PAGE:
As I have been raising funds for Team Challenge, I have had the opportunity to meet so many inspirational people, who are having a lot tougher time than I am. I have not met Darian Sinclair in person, but his story is one reason I am running the Chicago Marathon this year. I think you will love his story too!
Meet Darian Sinclair, Team Challenge Honored Hero!
"Being diagnosed for me at first was very challenging. Freshman year in High school I started to notice that I was going to the restroom frequently and was losing weight fairly quickly. I never thought anything of it because I was on the wrestling team, and its high school the food is not that great HaHa. I had been super weak for the past couple of weeks leading up to wrestling practice, and during practice while weight training my body pretty much gave out on me and I had to leave practice a little early. Later on that night after passing a massive amount of blood and being in pain and a fever I found myself in the hospital. Needless to say I was sent to Egleston Hospital where, after a pick line, tube, different test and a long time spent in the hospital I was diagnosed with Crohn's Disease. Once I was released from the hospital I went to back to school, my somehow word got around the school that I had a brain tumor and that's why I was gone for so long.
I was able to catch up on all of the work I had missed and although I still had pains and frequent visits to the restroom everything seemed to be fine. Sophomore and junior year were practically symptom free. I was placed on an infusion medication which seemed to be working changed my diet and I could no longer do the sports that I once participated in but I managed to find other things like FFA to fill the void. Senior year came along prime time of your high school career, and well for me it was all downhill. My symptoms came back full force and going to the restroom 30 or 40 times a day plus trying balance school and frequently going to the hospital and doctor’s visits it seemed like there was no end to this monster called Crohn's. I started my high school career at around 200lbs and by the end of my senior year I was at 165lbs. My doctor up the dosage of my medication and off I went to college three and a half hours away from family, doctors and any since of normality.
My college career was tough, people not understanding what was really wrong with you constantly missing classes and feeling horrible just about every day, all the while doing my best to keep a smile on my face, and trying my best to keep my grades up and have some kind of social life while in school. With all the stress of my disease and school depression set in for every time I turned around it did not seem like there was any hope of an escape or relief. My doctor switched me over to another medication and I thought that things would start to get better... boy was I wrong. My 3 year in school technically second for I had to take a year off. I took yet another rollercoaster ride downhill. My body started to almost deteriorate before my eyes. Symptoms worsened, hospital visits increased, and after a couple of blood transfusions and minor surgeries I set out to complete the semester. Only to withdraw for medical reasons again. I came home at 120lbs weak, stressed and tired of just everything going on in life and the constant reminder that this is my life and the "struggle is real" somehow I still managed to keep a smile of my face hiding the pain inside. All the while telling myself there are people out there who have it worse than I do.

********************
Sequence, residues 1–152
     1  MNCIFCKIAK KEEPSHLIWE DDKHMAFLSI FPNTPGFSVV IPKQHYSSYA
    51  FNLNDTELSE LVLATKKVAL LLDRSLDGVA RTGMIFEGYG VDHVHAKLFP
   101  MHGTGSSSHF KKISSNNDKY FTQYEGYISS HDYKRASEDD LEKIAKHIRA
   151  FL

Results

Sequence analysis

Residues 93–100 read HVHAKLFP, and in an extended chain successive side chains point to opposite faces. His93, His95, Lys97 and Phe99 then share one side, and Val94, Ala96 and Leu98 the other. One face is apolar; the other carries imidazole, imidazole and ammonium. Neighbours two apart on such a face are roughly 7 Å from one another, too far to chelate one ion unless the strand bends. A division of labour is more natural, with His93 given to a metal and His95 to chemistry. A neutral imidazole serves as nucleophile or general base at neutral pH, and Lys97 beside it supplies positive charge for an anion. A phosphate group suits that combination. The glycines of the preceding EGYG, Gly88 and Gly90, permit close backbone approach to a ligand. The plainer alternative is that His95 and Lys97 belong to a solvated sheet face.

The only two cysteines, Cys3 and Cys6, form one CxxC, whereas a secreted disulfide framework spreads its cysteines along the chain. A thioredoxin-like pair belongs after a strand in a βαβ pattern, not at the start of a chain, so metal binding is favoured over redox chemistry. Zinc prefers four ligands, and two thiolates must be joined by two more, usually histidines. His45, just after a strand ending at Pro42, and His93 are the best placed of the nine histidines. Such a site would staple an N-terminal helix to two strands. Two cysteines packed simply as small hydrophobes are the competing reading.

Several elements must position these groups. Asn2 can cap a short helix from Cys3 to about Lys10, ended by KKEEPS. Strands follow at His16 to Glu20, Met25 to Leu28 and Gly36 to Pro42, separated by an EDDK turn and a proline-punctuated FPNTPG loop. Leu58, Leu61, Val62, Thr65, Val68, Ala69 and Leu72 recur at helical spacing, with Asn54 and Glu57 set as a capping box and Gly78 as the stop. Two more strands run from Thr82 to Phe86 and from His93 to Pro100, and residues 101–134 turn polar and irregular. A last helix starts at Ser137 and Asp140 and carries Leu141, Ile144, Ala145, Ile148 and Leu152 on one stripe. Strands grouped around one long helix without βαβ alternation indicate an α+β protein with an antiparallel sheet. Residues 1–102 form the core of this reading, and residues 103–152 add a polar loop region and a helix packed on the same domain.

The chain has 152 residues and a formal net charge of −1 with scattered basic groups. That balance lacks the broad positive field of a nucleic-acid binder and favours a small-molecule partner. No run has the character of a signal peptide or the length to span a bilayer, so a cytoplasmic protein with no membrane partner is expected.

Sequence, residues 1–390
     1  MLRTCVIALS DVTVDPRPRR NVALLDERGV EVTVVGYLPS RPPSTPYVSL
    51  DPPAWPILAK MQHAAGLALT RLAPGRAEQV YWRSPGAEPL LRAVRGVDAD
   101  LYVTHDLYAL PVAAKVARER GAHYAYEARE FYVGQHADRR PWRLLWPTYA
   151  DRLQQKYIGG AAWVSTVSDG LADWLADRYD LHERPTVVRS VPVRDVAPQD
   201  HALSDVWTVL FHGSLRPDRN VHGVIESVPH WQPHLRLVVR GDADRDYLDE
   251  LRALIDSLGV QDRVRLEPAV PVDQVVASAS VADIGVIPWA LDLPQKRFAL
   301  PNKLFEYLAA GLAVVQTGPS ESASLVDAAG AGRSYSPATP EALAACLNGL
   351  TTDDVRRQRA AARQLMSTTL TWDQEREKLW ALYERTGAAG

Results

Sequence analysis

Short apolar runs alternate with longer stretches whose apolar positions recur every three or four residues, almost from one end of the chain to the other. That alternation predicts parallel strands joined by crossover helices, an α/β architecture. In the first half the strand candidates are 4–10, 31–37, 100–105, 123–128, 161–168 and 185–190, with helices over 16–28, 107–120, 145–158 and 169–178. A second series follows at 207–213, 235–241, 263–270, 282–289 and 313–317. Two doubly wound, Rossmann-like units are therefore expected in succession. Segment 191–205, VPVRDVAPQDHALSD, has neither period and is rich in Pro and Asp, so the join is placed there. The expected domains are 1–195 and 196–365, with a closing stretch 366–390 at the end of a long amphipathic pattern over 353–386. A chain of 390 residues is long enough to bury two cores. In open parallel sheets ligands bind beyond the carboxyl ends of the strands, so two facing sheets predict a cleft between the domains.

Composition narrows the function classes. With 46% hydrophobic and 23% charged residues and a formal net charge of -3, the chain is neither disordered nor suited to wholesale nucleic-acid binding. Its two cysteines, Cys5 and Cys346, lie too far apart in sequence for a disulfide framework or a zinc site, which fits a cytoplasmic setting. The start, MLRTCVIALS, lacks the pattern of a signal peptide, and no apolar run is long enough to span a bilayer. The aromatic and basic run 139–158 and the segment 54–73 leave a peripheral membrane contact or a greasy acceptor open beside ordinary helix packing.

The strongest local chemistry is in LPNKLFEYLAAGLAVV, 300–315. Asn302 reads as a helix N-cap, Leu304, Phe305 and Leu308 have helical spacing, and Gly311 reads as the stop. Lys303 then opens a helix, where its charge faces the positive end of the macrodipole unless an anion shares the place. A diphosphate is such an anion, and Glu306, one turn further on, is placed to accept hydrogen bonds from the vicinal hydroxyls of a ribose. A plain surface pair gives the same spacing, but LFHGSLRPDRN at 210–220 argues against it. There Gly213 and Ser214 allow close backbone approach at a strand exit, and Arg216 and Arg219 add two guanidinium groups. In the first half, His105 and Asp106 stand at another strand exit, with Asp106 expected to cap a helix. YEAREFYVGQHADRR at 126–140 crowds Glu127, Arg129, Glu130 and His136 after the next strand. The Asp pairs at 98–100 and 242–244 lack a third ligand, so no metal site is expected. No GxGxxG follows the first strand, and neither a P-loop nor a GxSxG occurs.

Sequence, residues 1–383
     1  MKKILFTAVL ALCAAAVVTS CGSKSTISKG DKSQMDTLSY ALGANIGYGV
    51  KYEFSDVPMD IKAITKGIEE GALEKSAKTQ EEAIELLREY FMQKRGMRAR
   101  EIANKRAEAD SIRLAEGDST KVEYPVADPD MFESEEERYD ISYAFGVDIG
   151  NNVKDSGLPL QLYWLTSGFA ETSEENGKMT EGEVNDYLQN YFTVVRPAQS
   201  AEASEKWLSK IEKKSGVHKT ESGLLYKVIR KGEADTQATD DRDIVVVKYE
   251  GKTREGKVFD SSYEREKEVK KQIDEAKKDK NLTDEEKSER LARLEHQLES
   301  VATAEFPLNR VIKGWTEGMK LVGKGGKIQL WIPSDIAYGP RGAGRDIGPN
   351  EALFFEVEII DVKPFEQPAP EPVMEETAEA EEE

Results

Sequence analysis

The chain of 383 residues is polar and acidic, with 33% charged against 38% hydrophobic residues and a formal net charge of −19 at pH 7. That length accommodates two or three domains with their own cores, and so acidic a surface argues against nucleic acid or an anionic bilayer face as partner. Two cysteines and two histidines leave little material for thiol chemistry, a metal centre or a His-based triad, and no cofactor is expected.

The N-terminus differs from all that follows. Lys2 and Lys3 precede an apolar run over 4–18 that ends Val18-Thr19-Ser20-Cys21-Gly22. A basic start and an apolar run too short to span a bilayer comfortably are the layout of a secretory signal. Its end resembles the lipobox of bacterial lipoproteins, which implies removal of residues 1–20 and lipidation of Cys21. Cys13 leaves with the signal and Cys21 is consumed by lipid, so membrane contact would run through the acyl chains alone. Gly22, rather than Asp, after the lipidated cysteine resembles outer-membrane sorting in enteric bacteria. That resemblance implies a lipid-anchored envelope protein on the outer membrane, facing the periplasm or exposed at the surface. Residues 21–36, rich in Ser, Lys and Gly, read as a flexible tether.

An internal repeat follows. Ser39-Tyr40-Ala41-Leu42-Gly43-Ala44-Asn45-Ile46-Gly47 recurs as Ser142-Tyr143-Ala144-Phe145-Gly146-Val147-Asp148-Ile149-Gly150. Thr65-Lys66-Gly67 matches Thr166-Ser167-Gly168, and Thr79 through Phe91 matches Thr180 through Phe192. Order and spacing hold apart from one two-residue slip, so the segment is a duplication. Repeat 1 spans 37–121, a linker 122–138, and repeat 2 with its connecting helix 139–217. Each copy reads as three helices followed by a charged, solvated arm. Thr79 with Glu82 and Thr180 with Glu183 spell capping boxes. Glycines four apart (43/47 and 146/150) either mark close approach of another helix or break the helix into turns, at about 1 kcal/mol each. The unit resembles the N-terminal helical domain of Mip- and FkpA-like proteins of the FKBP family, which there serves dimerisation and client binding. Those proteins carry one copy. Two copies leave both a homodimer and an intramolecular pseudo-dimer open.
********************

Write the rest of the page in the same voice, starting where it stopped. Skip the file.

My doctor put me back on the first drug at a higher dosage and more frequently and things started to get better. I worked at a camp during the summers and I ran my first road race ever (Peachtree) with some staff from camp. My time was super slow and my body was done afterwards. But I thought back to the fact of people like me who could not run and with that thought in mind after not deleting emails and finally opening I joined CCFA about a year later and set out to run for a cause. Unfortunately due to yet again health issues I was not able to go to NOLA, but I did not let that hold me back. This year my doctor put me on another medication, although I still have frequent problems flare ups and pains, I have come a long way. I ran my first race with Team Challenge in New Orleans in February and it was an amazing experience and lifted a huge weight off of my chest. I am super thankful to have gotten involved with such an amazing organization and gotten to know such amazing people. I continue to fight my disease on a daily basis, trying to work a regular job is a hassle, and then trying to have a social life on top of that just seems impossible.
I however do not allow my disease to define who I am, I instead try and use it as an instrument to not only inspire people but also bring hope to those who feel like there is no hope. I am thankful for CCFA and everyone in it. I continue to turn my circumstances to something positive and not allow it to define who I am."
(Crohn's "Constant Reminder of How Not to Submit")
You can help me raise funds to help find a cure for people like Darian by clicking HERE! No amount is too small, but I will send you one of three cool marathon pin packs (Chicago, Boston or New York) for a tax deductible donation of $20 or more!